Home & Garden

How to control garden pests

Snails cluster on a plant leaf at the garden of the sun, while snail damage is evident on the leaves.
Snails cluster on a plant leaf at the garden of the sun, while snail damage is evident on the leaves. Fresno Bee File Photo

The garden pests that cause damage to plants in spring are not necessarily the same as those we try to control in summer. Snail and slugs are most active in the cooler spring and fall months with some rainfall; in summer they go into a state of semi-hibernation.

Aphids, which feed on flushes of tender new green growth, are also most active in spring and fall. Hoplia beetles are only actively chewing on the petals of white or light-colored flower petals (especially on roses) for a few weeks in spring.

Pesticides have changed greatly during the 40 years I’ve been gardening. Broad spectrum insecticides such as malathion that left a long-lasting residue killing all insects that come in contact were once the first choice, but in the last couple of decades the importance of eliminating the use of more toxic insecticides in order to maintain a good balance in the garden of beneficial insects and the pest insects they prey upon has become more accepted by most home gardeners.

Elinor Teague

Metaldehyde snail and slug baits are still widely available. Metaldehyde is toxic to pets, children and wildlife. The pellet baits are often formulated with apple pectin that is very attractive to dogs; the flake baits are less so.

Iron phosphate baits including Sluggo, Escar-go and Bayer’s Slug and Snail Killer Bait are much less toxic and can be applied in areas where pets, children and wildlife can reach them. (Still not a good idea!) The gardener will seldom see the empty shells of dead snails after applying iron phosphate baits. The bait is carried back to the hiding places and the snails and slugs die there.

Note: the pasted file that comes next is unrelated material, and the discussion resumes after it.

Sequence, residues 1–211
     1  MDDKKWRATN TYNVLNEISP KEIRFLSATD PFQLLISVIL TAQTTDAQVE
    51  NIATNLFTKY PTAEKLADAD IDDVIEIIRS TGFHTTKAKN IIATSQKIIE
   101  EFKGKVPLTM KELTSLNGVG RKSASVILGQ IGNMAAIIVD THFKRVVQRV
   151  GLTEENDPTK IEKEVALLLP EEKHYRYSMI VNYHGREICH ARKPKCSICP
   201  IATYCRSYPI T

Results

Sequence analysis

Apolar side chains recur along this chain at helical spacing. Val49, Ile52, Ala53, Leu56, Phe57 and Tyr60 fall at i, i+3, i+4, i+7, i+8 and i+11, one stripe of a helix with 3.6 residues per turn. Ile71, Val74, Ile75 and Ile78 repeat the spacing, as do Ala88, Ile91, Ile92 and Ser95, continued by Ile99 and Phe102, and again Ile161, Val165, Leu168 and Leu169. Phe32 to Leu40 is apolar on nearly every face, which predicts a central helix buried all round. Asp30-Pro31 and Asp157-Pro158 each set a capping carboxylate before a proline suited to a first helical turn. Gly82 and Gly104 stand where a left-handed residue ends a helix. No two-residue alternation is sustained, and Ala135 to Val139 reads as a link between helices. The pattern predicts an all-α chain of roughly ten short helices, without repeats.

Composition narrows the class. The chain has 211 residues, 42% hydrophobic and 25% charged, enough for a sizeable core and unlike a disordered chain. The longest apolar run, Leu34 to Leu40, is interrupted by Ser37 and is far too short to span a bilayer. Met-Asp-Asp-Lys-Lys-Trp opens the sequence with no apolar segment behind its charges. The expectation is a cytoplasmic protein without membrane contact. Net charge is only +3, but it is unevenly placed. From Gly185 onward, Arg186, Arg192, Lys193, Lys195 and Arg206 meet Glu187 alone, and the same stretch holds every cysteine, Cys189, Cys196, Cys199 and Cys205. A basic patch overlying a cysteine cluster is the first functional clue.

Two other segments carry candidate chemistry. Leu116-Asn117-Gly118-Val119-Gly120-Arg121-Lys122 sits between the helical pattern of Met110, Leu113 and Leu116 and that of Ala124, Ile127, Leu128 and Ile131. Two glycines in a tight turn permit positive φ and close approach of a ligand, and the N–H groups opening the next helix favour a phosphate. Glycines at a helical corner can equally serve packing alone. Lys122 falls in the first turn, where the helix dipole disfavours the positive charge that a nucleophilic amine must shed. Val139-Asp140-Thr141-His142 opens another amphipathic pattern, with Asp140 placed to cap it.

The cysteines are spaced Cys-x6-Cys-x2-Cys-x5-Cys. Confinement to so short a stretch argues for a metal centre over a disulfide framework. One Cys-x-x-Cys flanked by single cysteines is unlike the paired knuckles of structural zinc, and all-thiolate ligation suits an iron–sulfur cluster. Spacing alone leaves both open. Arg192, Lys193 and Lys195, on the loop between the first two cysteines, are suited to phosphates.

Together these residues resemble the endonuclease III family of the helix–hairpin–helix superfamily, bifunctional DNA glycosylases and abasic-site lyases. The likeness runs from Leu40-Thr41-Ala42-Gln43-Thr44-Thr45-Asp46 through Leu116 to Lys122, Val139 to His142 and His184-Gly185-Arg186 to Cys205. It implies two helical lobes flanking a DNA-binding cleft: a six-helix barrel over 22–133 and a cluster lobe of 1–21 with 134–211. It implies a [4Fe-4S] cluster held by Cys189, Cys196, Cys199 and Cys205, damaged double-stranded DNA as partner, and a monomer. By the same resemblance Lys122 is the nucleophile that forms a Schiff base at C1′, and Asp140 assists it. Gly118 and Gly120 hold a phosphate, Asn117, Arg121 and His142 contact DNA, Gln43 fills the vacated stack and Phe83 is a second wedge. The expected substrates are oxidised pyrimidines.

When applying iron phosphate baits, don’t make big piles. Instead, sprinkle the bait near the hiding places you found by following the slime trails. Reapply every two to three weeks as needed.

Aphids can be killed easily with a blast of water from the hose that knocks them down so suddenly they leave their sucking mouthpieces behind. Lady beetle and syrphid fly larvae (both look like tiny gray and orange alligators) will eat 100 aphids a day. Insecticidal soaps kill only the aphids they contact, leaving no toxic residue. Do not spray insecticidal soaps, horticultural oils that smother soft-bodied sucking insects or neem oil if you see lady beetles, syrphid flies or their larvae nearby, or if bees are actively foraging. Let them do the work naturally.

Hoplia beetles are small, square, gray or bronze-ish-colored beetles that prefer to feed on flower petals, burrowing into the center of the blossoms and hiding from predators. Even highly-toxic broad spectrum insecticides have little effect on hoplia beetles since their hard shell protects them.

Control for hoplia beetles begins with killing them at the grub stage, before they destroy every white rose and all light-colored flowers in the garden. The beetles lay eggs that hatch into grubs in lawn areas and the grubs can be killed in October by applications of beneficial nematodes. The nematodes, which are alive and shipped in cold boxes, can be ordered online.

Reduce the springtime hoplia beetle population now by handpicking them and dropping them into soapy water or by stepping on them and allowing the birds to clean up the mess.

Elinor Teague: etgrow@comcast.net